11 Support Mechanisms S1 S2 S3 S4 S5 S6 S7 Sustainable energy training schemes for practitioners The training schemes covered by this mechanism are designed to improve the trainees ability to achieve sustainable energy outcomes, and are generally more vocationally oriented than energy information programs targeted at end-users or consumers. The schemes would emphasise energy efficiency and renewable energy technologies and applications. Energy centres This mechanism involves the establishment of organisations with the sole or main purpose of promoting energy efficiency and DSM. These organisations may operate independently from electricity businesses or they may be linked to such businesses in a variety of ways. Creating entrepreneurial energy organisations This mechanism involves the creation by government of organisations with clear responsibilities for achieving energy efficiency outcomes. Entrepreneurial energy organisations are distinguished from energy centres because their objectives are more commercial than those of energy centres and they aim to eventually become self-funding over time. Developing the ESCO industry This mechanism involves government encouraging the development of a diverse energy services sector which is commercially focused and independent of electricity market regulation. Energy service companies (ESCOs) within this sector will provide energy services across the board to a range of customers. ESCOs could be established in parallel with electricity businesses or even as distinct business units within existing electricity businesses. Promotion of energy efficiency by industry associations This mechanism involves industry associations promoting energy efficiency services to their members. An industry association may be able to provide its members with access to energy efficiency services which the individual members themselves may be unable to obtain. Aggregating electricity purchases to achieve energy efficiency This mechanism enables customers to influence electricity businesses through exercising consumer purchasing power in a competitive retail electricity market. Voluntary agreements for energy efficiency Voluntary agreements for energy efficiency involve a formal agreement between a responsible government body and a business or organisation. The agreement states that the business or organisation will carry out specified actions to increase the efficiency with which it uses energy. Market Mechanisms M1 M2 Taxes on energy Energy taxes are imposed by government at some point in the energy supply chain. The effect of an energy tax is to increase the final price that end-users pay for each unit of energy purchased from their energy supplier, although the tax may be levied at any point in the supply chain. One effect of increased prices to the end user is to encourage more efficient use. Tax exemptions and incentives for energy efficiency This mechanism uses tax exemptions and incentives to provide signals promoting investment in energy efficiency to end use customers. Renewable Energy Transforming Business Keynote Presentation 11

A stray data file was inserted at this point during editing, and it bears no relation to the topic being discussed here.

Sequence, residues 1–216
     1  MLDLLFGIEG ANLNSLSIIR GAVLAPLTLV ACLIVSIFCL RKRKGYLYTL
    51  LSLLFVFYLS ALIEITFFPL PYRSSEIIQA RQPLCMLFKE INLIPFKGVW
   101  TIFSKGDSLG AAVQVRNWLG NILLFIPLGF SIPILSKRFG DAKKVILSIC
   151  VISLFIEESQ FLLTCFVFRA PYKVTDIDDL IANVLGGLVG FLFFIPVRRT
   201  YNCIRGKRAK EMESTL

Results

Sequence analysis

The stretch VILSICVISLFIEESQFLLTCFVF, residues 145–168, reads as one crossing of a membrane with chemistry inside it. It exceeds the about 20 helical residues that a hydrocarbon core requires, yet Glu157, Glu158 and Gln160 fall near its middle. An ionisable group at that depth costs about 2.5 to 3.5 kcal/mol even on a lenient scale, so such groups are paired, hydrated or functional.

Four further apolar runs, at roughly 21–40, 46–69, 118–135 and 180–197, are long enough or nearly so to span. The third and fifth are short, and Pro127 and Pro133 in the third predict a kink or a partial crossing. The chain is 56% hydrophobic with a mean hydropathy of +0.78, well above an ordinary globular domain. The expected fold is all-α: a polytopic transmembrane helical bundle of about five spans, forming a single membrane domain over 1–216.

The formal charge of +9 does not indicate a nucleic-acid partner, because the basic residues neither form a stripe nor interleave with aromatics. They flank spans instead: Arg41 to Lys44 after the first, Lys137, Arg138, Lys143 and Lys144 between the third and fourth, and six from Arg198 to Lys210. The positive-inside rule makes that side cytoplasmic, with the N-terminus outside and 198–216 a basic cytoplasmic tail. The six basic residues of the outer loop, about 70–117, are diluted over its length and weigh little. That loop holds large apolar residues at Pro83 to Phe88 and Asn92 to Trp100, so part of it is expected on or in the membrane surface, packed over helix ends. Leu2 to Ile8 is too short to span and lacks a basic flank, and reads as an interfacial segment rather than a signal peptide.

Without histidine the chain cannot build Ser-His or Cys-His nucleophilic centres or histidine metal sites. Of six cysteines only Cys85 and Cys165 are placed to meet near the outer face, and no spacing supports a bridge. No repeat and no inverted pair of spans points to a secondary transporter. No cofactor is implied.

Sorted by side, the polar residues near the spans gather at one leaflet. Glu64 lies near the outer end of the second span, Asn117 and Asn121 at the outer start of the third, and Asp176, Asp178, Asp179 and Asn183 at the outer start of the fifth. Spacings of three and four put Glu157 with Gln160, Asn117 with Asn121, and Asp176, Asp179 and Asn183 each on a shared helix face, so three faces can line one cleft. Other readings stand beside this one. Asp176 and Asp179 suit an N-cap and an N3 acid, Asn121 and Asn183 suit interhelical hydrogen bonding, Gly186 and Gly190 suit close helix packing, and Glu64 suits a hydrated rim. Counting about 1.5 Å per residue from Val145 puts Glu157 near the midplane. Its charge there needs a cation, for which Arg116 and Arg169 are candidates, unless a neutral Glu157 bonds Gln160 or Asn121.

12 Market Mechanisms (continued) M3 M4 M5 M6 M7 M8 M9 M10 M11 Providing consumption information on customers electricity bills Under this mechanism, electricity businesses provide specific information about a customer s level of electricity consumption on that customer s electricity bills. This may encourage the customer to improve the efficiency with which they use electricity. Communicating pricing and other information for energy efficiency This mechanism motivates customers to alter their electricity-using behaviour through the electricity retailer communicating strong pricing incentives and other information to change behaviour. Energy performance labelling Energy performance labelling provides information to end users about the energy-using performance of products such as electrical appliances and equipment, and even buildings. Developing an energy efficiency brand This mechanism involves increasing awareness of efficiency products and services by means of a marketing campaign focussed around a specific product brand. Branding usually involves the development of a clearly identifiable graphic image or logo which is applied to all qualifying products and services. Products and services may require accreditation by a recognised authority before they qualify for the brand. Cooperative procurement of energy efficient appliances and equipment In this mechanism, buyers who purchase large quantities of energy-using appliances and equipment cooperate to define their requirements, invite proposals from manufacturers and suppliers, evaluate the results, and actually buy the products. The buyer s requirements may include energy efficiency specifications which are equal to, or in advance of, world best practice. Energy performance contracting Energy performance contracting involves a contractor (typically an ESCO) guaranteeing energy savings for a site over a specified period; carrying out the appropriate energy efficiency improvements and receiving payment from the actual cost reductions achieved through the energy savings. Competitive sourcing of energy services In this mechanism, proponents specify their requirements for energy services to several providers such as electricity businesses and ESCOs. The responses to the specification are then evaluated on a competitive basis and commercial arrangements implemented with the selected providers. Competitive sourcing of demand-side resources In this mechanism, electricity businesses and/or other parties specify their requirements for DSM and energy efficiency in a public Request for Proposals (RFP). The responses to the RFP are then evaluated on a competitive basis and commercial arrangements implemented with the selected respondents. In North America this mechanism is called demand bidding. Demand-side bidding in competitive markets Demand bidding schemes provide the opportunity for a customer s offer of electricity demand reduction to offset the requirement for either increased generation of electricity or increased purchase of wholesale electricity by electricity retailers. Typically, this opportunity is realised by the customer bidding into a wholesale electricity pool a price level above which the customer will reduce their demand for electricity. Renewable Energy Transforming Business Keynote Presentation 12